"Dry Mode" is most certainly a dehumidification function. To explain this, you need a short lesson in dew point and relative humidity. The warmer air is, the more water it can hold. The cooler it is, the less it can hold. Relative humidity represents how "full" of water the air is at the current temperature. As the air cools, its capacity for water will decrease and relative humidity will go up. When the relative humidity gets close to 100% you have reached the dew point and water will begin to condense out of the air.
This is the effect air conditioning has on room air. During standard cooling operation, the air leaving an AC unit is about 55F. Based on the dew point concept and the air warming back up to room temperature, the relative humidity of a room will be limited to about 50% (room temp of 75F). When an AC unit has a dehumidification option (your "Dry" mode), it will slow down the fan so that the air leaving the unit gets even colder than 55F. This effectively removes more water from the air and maintains a lower relative humidity in the room. For example if the air leaving the coil gets down to 45F, your room humidity will stabilize at approximately 35%.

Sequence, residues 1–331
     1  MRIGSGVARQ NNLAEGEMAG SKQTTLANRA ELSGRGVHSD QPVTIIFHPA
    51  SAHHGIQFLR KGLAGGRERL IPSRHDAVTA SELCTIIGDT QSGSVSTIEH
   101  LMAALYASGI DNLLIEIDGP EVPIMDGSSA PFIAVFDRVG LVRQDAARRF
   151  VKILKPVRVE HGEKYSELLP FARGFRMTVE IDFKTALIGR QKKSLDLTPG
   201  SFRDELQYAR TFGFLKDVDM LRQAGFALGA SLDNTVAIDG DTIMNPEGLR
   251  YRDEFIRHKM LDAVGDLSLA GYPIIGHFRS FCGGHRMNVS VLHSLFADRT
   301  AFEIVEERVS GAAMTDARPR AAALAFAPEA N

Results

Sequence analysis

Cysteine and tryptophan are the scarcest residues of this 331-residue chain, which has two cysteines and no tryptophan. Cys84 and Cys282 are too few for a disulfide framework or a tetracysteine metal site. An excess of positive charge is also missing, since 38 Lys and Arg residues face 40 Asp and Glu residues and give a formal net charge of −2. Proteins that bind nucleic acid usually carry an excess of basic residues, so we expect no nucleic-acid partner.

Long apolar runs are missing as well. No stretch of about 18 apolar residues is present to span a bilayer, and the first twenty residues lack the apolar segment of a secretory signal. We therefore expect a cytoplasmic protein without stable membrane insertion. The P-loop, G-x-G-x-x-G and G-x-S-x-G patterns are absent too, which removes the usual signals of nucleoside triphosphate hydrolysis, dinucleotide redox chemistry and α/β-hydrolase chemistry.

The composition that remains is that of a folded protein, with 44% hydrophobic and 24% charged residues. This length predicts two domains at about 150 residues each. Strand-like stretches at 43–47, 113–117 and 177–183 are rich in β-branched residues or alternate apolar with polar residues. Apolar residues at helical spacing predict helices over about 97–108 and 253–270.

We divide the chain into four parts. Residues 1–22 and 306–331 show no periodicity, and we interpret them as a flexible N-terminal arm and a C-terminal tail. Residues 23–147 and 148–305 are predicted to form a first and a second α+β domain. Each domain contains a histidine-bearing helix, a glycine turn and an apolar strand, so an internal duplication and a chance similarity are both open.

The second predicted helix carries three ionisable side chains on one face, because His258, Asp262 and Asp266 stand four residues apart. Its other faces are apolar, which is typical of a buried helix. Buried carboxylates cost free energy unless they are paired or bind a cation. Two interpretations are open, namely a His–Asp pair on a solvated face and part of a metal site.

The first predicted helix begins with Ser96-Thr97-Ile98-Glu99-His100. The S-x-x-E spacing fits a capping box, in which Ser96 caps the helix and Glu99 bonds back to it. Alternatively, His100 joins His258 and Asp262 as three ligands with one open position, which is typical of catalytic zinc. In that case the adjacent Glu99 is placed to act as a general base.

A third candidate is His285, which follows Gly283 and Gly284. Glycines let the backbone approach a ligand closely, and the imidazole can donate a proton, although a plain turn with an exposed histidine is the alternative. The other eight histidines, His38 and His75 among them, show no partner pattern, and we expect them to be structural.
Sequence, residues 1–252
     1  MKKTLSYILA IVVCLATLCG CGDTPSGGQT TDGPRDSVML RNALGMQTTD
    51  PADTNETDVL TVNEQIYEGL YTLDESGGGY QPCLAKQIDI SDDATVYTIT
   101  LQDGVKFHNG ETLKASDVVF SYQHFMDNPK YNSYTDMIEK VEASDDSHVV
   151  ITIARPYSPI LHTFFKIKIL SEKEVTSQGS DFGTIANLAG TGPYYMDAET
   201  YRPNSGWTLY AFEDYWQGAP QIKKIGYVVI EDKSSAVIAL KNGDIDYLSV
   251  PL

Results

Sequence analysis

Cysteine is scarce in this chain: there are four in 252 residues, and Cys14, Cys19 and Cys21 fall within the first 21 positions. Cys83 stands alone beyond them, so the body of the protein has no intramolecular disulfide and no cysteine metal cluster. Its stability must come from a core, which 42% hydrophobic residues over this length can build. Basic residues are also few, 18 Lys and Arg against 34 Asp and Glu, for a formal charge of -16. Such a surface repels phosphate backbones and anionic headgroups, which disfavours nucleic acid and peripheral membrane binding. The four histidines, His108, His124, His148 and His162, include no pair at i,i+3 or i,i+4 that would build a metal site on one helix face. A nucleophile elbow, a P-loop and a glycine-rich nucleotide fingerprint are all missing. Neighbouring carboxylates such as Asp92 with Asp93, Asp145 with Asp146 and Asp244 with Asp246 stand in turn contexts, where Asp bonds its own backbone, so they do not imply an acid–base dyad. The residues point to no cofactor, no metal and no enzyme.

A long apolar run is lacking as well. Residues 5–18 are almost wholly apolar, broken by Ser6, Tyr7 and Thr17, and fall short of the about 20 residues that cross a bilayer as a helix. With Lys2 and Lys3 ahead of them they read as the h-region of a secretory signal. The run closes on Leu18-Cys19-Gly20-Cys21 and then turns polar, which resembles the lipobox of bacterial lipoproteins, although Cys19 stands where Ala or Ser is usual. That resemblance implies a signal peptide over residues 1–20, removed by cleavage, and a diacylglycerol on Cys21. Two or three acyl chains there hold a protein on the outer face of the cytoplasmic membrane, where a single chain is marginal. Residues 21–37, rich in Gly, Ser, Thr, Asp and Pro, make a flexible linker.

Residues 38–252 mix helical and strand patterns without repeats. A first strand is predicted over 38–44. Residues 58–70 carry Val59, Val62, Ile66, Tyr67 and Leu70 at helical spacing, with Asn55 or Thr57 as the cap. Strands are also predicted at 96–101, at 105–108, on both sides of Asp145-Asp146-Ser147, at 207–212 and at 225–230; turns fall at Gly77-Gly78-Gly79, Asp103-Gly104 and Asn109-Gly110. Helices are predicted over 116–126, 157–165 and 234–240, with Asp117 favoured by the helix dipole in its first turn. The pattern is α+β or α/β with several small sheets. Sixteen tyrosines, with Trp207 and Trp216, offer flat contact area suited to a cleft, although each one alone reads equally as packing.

This is exactly what dehumifiers do, with one exception: they reheat the air before blowing it back into the room. That's why your unit gets colder when you select that option.